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Foam Wing Midge


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4 replies to this topic

#1 tctrout

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Posted 26 June 2015 - 12:22 PM

As the summer season begins to set in, midges are an excellent choice on the waters I fish in Pennsylvania.  This Foam Wing Midge is a great one, though a fly I prefer to use when I'm no more than 20' from rising fish.  More details given in the video...enjoy!

 

TC

 


Thanks for viewing my website: http://www.troutandfeather.com
 
Feel free to also check out my fly tying tutorials here: 
 

http://www.youtube.com/tctrout

 


#2 Crackaig

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Posted 26 June 2015 - 04:15 PM

Interesting to hear your take on the tails. I must admit that was my first reaction, "but it has a tail". The shuck idea sounds likely. If you really want to see some variation in midge patterns look at what guys this side of the pond are turning out as "buzzers".

 

Using foam like that is nothing new over here, but more commonly it would be tied in forward of the eye, giving more of a hanging from the surface presentation. That might be a variation you could try.

 

I do have a question though. How can a size 18 hook be both short shank and wide gape? There are only two things that dictate the size of a hook. Gap and shank length. Surely one must remain constant for the hook to be considered a particular size. This isn't going to be so easy to explain further, but lets say we design a hook. On our scale we say a size 16 has a 5 mm gap. Size 18, 4 mm Size 20, 3 mm. For each the the standard shank length is 1 1/2 times the gap. So if we produce a hook with a gap of 4 mm but a shank length of 4.5 mm, that would be described as a "size 18 1x short". A hook with a gap of 5 mm and a shank of 4.5 mm then would be "Size 16 2x short". Describing it as a size 18 1x short 1x wide is confusing. There is nothing measurable that equates to size 18. It's a sort of "Trigger's Broom" paradox (I've had this broom 20 years, it's had 17 new heads, and 14 new handles), nothing of the original remains.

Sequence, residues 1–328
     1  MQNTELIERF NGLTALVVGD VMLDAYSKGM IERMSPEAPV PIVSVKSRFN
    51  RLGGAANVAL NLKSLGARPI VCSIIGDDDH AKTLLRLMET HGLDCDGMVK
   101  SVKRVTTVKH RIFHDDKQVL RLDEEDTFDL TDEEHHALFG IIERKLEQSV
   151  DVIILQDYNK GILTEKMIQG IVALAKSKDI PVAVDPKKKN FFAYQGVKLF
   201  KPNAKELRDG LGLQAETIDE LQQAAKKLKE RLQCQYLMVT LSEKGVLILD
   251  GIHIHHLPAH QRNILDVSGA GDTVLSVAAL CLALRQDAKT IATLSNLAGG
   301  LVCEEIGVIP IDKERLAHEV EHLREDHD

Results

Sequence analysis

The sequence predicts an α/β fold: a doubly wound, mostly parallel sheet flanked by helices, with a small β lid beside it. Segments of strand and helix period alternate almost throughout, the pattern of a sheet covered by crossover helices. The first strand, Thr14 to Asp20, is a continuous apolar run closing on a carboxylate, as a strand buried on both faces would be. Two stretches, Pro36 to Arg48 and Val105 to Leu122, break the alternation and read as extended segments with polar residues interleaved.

Cheers,

C.


"Political correctness is a doctrine, fostered by a delusional, illogical
minority, and rabidly promoted by an unscrupulous mainstream media, which
holds forth the proposition that it is entirely possible to pick up a turd
by the clean end"


#3 tctrout

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Posted 26 June 2015 - 07:11 PM

Interesting to hear your take on the tails. I must admit that was my first reaction, "but it has a tail". The shuck idea sounds likely. If you really want to see some variation in midge patterns look at what guys this side of the pond are turning out as "buzzers".

 

Using foam like that is nothing new over here, but more commonly it would be tied in forward of the eye, giving more of a hanging from the surface presentation. That might be a variation you could try.